One of the more demanding techniques favoured by high level country players is the use of hybrid picking, and banjo rolls.
Hybrid picking refers to the use of picking hand fingers to pluck strings, resulting in a hybrid combination of pick playing, and fingerstyle.
I’ve filmed a video with multiple camera angles so you can really see how I’m doing all of this stuff, so do refer to that while practising.
The first example to get on board with is a single note being plucked with the middle finger. In this lick you’ll play the note on the G string with the pick (using a down stroke) then using the middle finger, pluck the high E string and repeat.
The secret here is pre-placement of the picking finger. As the pick hits the string, the finger is already placed on the string it intends to pick.
Hybrid Picking Example 1
As you begin to develop this skill, it’s possible to use two different fingers to create an ascending roll idea.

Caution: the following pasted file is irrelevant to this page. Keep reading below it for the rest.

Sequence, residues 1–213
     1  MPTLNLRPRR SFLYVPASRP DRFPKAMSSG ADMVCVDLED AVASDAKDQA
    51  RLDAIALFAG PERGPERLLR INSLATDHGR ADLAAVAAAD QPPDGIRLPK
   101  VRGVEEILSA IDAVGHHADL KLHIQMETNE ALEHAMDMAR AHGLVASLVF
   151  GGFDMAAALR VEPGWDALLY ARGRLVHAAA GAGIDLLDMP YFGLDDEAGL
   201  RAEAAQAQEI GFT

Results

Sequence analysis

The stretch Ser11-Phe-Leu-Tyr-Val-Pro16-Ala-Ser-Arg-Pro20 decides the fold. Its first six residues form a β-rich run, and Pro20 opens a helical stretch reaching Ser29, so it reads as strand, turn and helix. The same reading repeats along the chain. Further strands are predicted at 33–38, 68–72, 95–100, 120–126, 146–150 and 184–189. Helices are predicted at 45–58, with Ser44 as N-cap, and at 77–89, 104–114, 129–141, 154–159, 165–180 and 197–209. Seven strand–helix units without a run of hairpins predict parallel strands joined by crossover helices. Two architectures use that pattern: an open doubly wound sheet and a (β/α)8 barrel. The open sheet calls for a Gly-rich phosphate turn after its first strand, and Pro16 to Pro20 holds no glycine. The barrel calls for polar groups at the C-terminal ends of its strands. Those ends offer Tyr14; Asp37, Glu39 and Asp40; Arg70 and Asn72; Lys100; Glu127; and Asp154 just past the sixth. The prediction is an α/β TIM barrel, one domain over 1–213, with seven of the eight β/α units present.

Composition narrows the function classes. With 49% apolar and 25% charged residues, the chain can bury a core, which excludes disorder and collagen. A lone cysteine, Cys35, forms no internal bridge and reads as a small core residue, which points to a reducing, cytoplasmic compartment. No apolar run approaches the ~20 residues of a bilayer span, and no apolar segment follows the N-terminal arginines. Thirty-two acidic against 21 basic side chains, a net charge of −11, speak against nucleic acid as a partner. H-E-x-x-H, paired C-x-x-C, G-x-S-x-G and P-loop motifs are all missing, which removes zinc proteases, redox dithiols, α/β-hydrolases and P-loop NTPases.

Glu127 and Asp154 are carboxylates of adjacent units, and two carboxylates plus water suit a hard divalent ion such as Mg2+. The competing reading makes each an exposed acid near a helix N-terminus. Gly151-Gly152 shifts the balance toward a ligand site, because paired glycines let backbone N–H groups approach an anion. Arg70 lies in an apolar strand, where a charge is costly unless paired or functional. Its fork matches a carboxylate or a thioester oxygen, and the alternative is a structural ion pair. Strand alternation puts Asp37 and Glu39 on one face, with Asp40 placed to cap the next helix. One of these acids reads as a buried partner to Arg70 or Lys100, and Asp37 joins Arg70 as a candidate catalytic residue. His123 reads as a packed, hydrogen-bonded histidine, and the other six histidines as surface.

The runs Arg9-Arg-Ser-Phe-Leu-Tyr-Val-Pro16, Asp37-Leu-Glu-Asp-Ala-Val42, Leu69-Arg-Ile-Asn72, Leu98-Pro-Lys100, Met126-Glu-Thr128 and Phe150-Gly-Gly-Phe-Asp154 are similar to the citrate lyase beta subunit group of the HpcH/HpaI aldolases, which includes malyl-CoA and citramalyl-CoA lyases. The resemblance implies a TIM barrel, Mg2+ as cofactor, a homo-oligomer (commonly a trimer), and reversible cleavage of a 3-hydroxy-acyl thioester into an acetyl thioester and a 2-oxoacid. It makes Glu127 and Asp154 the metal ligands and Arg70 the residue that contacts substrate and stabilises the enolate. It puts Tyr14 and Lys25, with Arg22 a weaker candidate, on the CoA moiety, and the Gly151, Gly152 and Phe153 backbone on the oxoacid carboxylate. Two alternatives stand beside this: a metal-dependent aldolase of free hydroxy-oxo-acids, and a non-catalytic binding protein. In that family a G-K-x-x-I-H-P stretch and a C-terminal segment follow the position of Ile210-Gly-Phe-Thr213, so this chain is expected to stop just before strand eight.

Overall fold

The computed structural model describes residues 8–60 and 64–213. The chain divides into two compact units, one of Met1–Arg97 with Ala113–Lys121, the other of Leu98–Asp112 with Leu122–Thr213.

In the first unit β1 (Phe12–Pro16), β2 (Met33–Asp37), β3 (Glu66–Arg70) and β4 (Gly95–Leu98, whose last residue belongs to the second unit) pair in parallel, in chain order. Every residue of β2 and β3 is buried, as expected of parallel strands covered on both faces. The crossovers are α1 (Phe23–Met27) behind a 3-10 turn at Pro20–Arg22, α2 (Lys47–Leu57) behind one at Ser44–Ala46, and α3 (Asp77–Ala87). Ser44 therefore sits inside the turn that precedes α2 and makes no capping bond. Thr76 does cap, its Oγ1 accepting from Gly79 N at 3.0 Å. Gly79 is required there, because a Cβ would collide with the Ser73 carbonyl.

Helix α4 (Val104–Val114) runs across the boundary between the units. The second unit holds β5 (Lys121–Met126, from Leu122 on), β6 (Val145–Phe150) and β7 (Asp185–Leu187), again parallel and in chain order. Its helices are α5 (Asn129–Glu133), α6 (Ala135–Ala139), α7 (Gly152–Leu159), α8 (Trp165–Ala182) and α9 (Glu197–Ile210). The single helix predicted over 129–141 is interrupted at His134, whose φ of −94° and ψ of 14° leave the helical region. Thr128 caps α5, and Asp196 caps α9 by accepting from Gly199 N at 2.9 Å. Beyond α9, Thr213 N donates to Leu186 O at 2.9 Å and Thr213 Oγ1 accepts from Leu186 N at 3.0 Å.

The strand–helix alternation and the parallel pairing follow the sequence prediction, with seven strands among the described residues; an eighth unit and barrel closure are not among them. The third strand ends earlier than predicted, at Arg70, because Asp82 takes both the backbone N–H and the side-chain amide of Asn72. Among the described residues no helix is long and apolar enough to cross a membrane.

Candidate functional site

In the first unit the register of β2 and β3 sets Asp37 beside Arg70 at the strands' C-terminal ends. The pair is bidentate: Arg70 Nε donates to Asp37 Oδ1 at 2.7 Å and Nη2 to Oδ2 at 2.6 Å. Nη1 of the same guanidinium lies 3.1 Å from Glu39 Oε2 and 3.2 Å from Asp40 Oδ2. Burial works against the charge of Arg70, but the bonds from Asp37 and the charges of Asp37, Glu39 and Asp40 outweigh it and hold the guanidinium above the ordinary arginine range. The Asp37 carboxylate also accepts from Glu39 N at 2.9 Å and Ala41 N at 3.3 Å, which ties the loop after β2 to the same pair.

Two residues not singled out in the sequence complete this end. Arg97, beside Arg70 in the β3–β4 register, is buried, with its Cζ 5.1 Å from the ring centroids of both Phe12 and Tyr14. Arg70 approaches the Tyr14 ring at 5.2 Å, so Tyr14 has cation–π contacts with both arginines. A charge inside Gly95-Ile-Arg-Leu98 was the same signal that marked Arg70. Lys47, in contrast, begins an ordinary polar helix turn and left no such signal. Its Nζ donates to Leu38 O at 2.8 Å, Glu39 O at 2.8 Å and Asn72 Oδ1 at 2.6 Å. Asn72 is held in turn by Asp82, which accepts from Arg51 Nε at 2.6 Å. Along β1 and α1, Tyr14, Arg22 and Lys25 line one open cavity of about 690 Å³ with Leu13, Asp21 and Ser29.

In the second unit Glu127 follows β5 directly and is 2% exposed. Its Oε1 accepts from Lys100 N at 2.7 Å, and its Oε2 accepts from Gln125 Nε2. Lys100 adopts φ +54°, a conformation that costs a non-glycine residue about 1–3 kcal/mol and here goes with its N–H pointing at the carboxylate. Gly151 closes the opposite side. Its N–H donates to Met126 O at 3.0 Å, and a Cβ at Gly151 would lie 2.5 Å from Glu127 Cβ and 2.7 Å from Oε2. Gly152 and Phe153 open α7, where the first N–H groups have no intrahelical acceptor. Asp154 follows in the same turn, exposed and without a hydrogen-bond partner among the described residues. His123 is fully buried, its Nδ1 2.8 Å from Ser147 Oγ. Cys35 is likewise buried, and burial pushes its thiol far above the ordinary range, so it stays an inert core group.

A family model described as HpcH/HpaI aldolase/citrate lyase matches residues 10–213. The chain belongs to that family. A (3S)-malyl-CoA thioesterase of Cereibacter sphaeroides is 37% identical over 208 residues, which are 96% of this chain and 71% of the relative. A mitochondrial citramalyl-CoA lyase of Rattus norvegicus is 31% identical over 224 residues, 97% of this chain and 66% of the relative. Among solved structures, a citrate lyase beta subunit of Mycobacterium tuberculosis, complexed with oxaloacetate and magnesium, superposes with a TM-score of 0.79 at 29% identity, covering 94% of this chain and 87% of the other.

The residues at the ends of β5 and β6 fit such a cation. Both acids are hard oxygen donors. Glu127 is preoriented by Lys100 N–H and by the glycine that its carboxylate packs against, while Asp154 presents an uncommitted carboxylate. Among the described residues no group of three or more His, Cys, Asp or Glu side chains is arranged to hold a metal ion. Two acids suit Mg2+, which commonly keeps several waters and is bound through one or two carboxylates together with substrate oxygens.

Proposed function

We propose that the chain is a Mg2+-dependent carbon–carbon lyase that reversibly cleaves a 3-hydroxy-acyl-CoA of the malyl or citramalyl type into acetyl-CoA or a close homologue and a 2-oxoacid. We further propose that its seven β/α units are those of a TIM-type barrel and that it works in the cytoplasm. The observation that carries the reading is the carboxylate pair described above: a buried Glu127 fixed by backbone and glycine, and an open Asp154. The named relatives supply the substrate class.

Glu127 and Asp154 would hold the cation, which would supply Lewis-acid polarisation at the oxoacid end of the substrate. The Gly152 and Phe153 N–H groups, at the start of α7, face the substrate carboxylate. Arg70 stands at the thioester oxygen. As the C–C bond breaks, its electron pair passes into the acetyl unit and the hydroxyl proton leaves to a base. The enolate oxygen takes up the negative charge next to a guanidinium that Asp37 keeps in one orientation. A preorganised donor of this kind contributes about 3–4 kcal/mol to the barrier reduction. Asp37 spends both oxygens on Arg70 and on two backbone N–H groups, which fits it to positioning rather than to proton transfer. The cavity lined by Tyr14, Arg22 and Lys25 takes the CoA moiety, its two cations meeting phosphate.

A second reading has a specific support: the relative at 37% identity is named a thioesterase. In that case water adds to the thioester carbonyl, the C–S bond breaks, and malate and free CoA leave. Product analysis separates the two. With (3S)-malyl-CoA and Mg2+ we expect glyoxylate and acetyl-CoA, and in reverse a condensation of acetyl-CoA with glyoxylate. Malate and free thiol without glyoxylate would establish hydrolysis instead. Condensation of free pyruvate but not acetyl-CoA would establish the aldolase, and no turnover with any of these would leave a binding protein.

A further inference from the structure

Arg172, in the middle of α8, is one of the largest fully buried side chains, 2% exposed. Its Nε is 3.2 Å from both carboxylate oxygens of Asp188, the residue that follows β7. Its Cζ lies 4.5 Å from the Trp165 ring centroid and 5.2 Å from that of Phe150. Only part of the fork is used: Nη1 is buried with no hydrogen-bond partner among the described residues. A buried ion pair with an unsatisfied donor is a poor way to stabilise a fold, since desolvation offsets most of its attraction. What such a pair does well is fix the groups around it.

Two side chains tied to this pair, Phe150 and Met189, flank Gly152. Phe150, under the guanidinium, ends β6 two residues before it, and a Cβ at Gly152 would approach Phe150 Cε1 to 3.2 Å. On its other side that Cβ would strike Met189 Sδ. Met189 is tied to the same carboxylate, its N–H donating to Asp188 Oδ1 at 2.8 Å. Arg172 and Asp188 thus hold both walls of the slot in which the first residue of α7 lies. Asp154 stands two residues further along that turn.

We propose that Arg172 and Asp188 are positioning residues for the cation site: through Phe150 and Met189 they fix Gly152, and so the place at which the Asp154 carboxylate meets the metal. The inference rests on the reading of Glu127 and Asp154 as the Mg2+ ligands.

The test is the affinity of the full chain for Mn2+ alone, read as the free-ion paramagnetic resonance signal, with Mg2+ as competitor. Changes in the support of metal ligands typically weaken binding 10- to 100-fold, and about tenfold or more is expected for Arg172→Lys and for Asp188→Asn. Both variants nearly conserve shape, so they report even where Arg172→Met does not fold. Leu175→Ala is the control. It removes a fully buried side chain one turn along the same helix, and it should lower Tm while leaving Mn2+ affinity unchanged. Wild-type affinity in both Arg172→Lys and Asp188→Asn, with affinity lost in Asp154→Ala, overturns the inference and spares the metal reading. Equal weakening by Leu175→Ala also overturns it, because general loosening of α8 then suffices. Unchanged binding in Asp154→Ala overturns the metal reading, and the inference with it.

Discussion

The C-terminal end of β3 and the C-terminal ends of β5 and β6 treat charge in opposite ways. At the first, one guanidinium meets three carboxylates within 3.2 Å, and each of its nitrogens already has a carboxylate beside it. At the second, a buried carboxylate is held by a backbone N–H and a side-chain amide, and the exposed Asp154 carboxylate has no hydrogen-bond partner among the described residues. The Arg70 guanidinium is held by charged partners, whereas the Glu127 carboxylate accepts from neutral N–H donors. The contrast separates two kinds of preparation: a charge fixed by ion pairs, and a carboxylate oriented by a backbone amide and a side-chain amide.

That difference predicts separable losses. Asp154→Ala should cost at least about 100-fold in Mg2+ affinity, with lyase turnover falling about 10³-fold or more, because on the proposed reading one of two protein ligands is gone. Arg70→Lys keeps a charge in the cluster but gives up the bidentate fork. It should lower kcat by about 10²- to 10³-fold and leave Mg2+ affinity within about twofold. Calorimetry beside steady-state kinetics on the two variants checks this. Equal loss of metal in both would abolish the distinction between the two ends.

As with the previous example, the secret here is pre placing the fingers as the pick goes down.
This example features a series of 1/8th notes shifting to triplets at the end of the second bar. This gives the lick a nice accelerating feel, and that burst of speed will push your technical capabilities.
Hybrid Picking Example 2
When this becomes natural, the next step is to work on various 1/8th note patterns that combine these two ideas. This is a common aspect of any banjo players vocabulary, coming from the Earl Scruggs school of playing. His trademark thumb and two finger playing completely changed the way people played the instrument, and influenced everyone who came after.
In this example, you’ll play the G string, the B string, then complete two forward rolls across the G, B, and E strings.
I then take this picking mechanic, and apply it to a series of double stops on the G and B strings with the high E left open.
Banjo Roll Example
The possibilities of this technique are endless, and are found regularly in the plying styles of people like Danny Gatton, and Albert Lee, so give them a listen and see what you find.
If you want to dig into this technique more, then take a look at my latest book, Country Guitar Soloing Techniques, where I devote two chapters to these very techniques with more ideas to work on.
For more blistering Country Guitar Technique, Check out Country Guitar Soloing Techniques by Levi Clay.